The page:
Come next spring, 20 Hutchinson High School students will have new fishing rods to take to their favorite angling spot.

They’ll fish with pride, knowing they made the rods in a science class at school. While building the rods, they learned about the outdoors and gained insights into engineering, chemistry and perhaps even physics.

“I learned it’s a lot harder than it looks,” sophomore Max Scheeler said Friday while wrapping colored thread to attach a guide to his rod. “It takes a lot of concentration to get it on straight.”

Scheeler is a student in science teacher Maria Nuthak’s Minnesota Wildlife and Natural Resources class. For the past three weeks, retired 3M engineer Chet Kiekhafer, a professional fishing rod builder, has been volunteering in Nuthak’s class, guiding the students to make their own custom rods.

For the first few sessions, Kiekhafer explained the types of rods and how each is used to catch various fish. Students then chose one of three types of rods to build.

When the rod blanks arrived, students got to work, attaching the grips, guides, tiptops and other parts. Kiekhafer explained how to locate the blank’s “spine” and why its location is important. His instruction also included the types of adhesives required, and how a final epoxy is used to coat the threads that connect the guides to the rod.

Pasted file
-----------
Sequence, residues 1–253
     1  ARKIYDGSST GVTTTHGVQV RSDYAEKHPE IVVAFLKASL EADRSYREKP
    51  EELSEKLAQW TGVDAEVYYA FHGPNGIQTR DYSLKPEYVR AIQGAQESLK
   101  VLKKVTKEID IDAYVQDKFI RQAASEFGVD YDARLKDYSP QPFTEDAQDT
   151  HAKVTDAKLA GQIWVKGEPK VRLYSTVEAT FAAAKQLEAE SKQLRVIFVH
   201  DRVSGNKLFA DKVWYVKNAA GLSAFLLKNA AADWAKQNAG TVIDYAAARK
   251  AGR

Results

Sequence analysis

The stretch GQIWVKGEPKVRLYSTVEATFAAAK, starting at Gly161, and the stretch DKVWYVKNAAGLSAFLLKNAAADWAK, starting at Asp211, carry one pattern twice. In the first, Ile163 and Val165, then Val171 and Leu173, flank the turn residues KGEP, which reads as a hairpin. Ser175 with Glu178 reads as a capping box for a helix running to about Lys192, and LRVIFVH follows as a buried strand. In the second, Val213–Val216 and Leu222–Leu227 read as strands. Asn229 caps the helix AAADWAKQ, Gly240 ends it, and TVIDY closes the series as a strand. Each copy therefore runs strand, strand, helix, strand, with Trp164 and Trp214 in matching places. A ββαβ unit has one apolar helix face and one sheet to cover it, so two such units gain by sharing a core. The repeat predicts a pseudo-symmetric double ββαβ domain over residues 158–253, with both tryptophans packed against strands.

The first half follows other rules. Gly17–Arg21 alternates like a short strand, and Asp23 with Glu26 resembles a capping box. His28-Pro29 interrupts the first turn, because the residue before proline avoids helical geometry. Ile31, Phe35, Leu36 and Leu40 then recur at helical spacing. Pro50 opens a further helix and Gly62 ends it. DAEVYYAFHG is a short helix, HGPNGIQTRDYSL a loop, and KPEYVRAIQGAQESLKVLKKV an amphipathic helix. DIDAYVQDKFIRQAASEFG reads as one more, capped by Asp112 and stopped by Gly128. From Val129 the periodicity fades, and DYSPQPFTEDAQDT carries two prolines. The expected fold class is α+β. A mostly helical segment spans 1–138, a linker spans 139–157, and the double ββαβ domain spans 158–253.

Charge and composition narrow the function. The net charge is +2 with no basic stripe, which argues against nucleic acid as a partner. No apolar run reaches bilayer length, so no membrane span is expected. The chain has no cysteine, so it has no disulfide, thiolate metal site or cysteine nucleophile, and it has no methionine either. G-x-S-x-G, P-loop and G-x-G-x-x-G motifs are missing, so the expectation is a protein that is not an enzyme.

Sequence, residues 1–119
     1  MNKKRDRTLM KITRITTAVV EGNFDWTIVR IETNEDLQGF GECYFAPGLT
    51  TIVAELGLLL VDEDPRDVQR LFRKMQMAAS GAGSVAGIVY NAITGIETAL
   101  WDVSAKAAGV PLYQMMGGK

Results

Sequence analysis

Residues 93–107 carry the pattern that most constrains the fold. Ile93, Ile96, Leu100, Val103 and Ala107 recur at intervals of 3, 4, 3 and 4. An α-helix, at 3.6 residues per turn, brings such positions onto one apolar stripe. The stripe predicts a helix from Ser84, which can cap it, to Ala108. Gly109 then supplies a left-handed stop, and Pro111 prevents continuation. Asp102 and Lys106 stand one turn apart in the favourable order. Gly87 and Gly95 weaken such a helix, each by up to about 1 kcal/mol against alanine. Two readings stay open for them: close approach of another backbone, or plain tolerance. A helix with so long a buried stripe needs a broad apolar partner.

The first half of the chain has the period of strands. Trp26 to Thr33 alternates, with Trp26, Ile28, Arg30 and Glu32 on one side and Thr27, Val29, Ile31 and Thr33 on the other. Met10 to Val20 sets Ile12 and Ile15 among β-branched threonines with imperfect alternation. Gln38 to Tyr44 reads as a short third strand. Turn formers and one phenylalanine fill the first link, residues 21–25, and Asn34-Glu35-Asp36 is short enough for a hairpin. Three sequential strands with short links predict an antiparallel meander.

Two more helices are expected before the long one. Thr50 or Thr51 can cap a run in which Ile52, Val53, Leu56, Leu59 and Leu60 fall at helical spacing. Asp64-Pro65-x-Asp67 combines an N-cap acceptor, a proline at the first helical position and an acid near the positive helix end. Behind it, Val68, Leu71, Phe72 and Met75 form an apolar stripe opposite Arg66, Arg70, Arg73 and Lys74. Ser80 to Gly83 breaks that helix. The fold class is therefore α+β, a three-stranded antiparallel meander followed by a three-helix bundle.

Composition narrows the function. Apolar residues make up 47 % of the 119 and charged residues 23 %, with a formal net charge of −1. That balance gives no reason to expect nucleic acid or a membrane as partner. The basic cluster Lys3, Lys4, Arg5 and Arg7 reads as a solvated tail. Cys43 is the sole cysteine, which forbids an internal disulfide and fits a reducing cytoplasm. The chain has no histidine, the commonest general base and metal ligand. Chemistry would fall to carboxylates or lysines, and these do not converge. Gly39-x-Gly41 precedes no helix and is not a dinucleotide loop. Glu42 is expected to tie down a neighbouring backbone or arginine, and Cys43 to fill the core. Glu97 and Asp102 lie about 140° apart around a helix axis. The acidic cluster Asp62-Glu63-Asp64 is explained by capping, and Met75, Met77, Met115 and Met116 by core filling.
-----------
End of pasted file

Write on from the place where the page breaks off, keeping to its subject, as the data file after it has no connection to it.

“That protects the thread,” he said. “There’s a lot of different adhesives being put on.”

By Monday, the students had completed their rods, putting anywhere from 15 to 20 hours into the project.

Each rod is unique, with students choosing thread colors and making other design decisions. Senior Megan Schlueter said she enjoyed the building process because she was able to “make it the way I want it.”

Kiekhafer, a member of the Custom Rod Builders Guild, learned about rod building from world-renowned craftsmen. After retiring, he formed Crow River Custom Rods.

“It’s an addictive hobby,” he said. “And then it gets to the point where you make it a business. I have rods all over the country.”

Supplies and equipment for the high school project came from several sources including the Crow River SnoPros snowmobiling club, the school’s REACH program, and the school. Students, except those in REACH — a program for students who want more focused academic and social support — bought their own rod blanks.

The rod building process required attention to detail, making the classroom unusually quiet.

“They’re concentrating,” Kiekhafer said. “They like working with their hands. They learned there’s a lot of different ways to come up with the same results.”